Name It!

Nov 02, 2023

Your body is a kaleidoscope of information. This information comes in the form of “sensation”. You feel a rumbling in your belly when you are hungry. You may feel like there’s a ball of lead in it when you fail a test. That zingy excited feeling that starts in your belly and rushes up through your body? That’s excitement…or fear…or something else. Everyone has their own feelings. Yours may be different from mine, but we all have them.

One day the thought came to me, “I’m happy.” Then I wondered, “How do I know I’m happy?” I checked the sensations in my body to find out what happy feels like. The words that popped up were “buoyant, calm”. My body felt quiet and steady. It also felt like a big colorful hot air balloon ready to take off with all the people I love on board.

Next time someone says, “I feel (tired, hungry, excited, mad, bored).” Ask them where they feel it in their body. What’s the sensation they’re aware of that makes them say how they’re feeling? Where’s this feeling born in the body?

The truth is, at first, this can be super annoying. Because often you don’t know. At first, you’ll say something like, “Huh, I don’t know.” But when you’re patient and pay attention, you’ll start to notice different feelings in your body that relate to states in your mind. 

It’s like walking into a darkened room. At first, you can’t see anything. As you spend more time in the room and your eyes adjust, you start to make out some shapes. Then after some time, you can see even more.

If you have chronic pain, a medical condition or a physical disability, you may think about your body all the time. Your body may communicate with you more, or differently, or in some areas, not at all.

I’ve been teaching families about how to live well in their body for many years. Someone who taught me a lot about this is Matthew Sanford. He’s been paralyzed since he was 13 years old. He now teaches body awareness to people with physical disabilities. He teaches them to listen very carefully to their body. There’s an energy – a hum or a buzz – that you can tune into even when the signal lines are down, as is the case with paralysis.

Matthew told me once that, in some ways, it’s harder for me to learn about body awareness than him because I have an “easy” body. He needs to pay closer attention to do physical things like morning stretches so it makes him more aware. You have an opportunity to befriend your body, however it is. A feeling of wellbeing can be experienced by anyone in any body.

Here’s a great practice to help kids become more aware of the physical sensations that pair with their emotions.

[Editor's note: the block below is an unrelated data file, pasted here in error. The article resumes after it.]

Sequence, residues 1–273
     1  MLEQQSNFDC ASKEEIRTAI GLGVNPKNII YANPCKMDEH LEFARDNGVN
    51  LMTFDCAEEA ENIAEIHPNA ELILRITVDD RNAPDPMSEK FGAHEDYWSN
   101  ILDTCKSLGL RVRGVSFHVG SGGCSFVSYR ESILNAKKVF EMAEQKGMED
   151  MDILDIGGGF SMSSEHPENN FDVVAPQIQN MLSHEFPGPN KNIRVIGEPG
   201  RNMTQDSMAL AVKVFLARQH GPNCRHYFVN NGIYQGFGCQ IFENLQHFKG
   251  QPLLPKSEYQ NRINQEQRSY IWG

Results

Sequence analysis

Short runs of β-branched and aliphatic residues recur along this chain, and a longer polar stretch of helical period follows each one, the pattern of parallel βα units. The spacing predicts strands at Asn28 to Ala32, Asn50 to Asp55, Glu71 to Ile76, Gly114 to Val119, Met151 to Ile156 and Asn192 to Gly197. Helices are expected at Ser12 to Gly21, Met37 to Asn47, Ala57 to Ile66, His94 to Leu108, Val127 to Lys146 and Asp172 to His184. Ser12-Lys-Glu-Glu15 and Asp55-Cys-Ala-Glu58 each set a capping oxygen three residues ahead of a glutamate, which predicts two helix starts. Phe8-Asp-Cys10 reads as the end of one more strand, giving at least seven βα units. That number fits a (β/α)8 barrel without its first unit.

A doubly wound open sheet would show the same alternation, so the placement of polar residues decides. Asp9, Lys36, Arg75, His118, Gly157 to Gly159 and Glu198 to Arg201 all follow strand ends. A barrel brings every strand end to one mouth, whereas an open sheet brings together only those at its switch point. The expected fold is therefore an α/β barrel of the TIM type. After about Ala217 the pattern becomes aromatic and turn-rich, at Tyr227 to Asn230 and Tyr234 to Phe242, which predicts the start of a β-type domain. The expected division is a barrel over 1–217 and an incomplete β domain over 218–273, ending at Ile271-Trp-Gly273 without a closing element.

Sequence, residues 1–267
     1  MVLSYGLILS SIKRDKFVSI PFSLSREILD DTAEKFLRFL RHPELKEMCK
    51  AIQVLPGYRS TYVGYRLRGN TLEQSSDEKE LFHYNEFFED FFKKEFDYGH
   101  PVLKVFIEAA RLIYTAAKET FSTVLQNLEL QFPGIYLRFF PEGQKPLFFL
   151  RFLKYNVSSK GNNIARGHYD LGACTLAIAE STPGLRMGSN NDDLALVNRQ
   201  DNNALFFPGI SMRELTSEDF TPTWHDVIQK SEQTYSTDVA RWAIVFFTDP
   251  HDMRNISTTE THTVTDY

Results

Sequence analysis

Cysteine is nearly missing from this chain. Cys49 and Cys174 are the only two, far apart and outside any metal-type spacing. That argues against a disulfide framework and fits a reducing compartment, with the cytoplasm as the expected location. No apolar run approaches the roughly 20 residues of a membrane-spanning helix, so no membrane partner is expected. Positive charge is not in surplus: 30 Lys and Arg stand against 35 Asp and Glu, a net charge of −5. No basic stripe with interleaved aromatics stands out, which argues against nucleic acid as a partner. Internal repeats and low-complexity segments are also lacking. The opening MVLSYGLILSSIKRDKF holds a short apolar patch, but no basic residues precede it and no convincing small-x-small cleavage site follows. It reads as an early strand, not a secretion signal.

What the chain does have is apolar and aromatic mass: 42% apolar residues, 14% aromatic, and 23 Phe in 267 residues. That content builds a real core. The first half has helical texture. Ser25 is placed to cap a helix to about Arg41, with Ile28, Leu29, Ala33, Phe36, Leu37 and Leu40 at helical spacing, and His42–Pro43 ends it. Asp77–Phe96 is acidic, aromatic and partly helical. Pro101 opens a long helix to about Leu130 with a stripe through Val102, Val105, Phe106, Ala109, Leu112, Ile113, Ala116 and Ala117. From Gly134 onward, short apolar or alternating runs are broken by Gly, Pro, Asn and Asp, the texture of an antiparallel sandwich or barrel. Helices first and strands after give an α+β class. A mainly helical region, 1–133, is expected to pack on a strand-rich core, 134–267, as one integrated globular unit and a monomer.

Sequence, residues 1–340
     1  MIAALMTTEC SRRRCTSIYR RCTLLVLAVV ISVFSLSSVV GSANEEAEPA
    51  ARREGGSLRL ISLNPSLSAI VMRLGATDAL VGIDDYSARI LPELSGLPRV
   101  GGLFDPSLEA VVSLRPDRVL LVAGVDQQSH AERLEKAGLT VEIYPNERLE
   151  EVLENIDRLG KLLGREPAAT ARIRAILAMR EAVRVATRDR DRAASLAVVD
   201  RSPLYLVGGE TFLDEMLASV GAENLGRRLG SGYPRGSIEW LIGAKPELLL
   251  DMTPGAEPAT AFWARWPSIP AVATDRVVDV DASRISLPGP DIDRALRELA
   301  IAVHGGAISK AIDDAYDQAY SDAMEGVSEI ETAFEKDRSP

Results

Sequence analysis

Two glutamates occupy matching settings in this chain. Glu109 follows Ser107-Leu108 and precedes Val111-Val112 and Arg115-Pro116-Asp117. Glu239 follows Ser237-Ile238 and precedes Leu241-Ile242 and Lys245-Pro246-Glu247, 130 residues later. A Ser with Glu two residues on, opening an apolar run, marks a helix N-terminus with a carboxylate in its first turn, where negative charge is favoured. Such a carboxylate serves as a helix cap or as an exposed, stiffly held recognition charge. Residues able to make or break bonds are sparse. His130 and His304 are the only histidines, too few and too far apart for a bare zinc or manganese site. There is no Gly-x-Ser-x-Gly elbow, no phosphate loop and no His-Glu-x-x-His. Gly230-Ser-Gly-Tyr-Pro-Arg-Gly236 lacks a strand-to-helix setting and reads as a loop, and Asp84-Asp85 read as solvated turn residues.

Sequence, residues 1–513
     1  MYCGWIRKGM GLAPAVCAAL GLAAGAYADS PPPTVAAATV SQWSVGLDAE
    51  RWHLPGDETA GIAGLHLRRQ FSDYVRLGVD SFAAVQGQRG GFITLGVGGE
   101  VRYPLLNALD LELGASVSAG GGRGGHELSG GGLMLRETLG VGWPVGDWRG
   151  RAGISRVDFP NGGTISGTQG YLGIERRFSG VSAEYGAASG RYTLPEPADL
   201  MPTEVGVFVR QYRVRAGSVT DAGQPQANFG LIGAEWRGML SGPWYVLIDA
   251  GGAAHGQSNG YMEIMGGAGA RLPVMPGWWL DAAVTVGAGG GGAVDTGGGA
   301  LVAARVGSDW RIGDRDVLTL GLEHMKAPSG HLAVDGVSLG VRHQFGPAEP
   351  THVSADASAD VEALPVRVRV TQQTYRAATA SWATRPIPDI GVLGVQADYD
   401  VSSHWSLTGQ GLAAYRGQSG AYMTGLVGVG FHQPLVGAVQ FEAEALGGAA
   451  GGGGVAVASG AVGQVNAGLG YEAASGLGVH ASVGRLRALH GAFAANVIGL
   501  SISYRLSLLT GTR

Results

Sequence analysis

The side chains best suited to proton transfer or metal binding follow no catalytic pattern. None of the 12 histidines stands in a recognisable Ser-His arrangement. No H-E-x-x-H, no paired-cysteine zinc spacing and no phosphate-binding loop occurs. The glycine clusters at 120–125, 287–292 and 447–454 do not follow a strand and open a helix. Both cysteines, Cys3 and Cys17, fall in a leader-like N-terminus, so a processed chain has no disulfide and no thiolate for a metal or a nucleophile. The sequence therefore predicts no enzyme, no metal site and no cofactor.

To “Name It!”, it can be helpful to start with a menu of sensations you can say “yes” or “no” to. Here are some examples: 

Another common response to this question of “Where do you feel an emotion or experience in your body?” is “Everywhere!”

That’s what seven-year-old Jackson said. His brother had just pushed him down as they walked into their after-school program causing his new Pokémon backpack to twist off his back and fall to the floor. The tension had been building up for a while before they came in. His brother teased him for spilling milk at breakfast and he tripped him on the way to the bus.

He was angry and said so. He had some practice exploring the kaleidoscope of information in his body and knew the “Name It!” game.

Me: Hey, Jackson! What’s up?

Jackson: I’m angry!!

Me: Where do you feel that in your body?

Jackson: Everywhere!!!

Anger is a big, strong emotion. It can feel like it’s taking over the whole body. I gave him some options, like a menu, to pinpoint the sensations a bit.

Me: Do you feel it in your big toe? Do you feel it at the tip of your nose?

Jackson: No and no.

Me: Do you feel it in your belly?

Jackson: Yes!

Then, he could describe it.

Me: Tell me more.

Jackson: It’s hot, heavy, moving fast. 

Locating and describing the sensation was enough to help him feel less angry. Instead of the anger driving him, “Name It!” put him back in the driver’s seat.

Sometimes it feels scary to let in a big emotion. It feels like it may get bigger and bigger and take over. But that’s not true. It’s like a flower. It starts as a seed, comes into being, lives as a flower for some time and then dissolves back into the earth. Emotions and sensations have a natural life cycle too.

If you’d like more practical techniques for managing your mind and mood, check out Anxious to Awesome: A Practical Guide for the Whole Family.

Get 5 Surprisingly Simple Ways to Help Kids Feel Less Anxious and More Awesome

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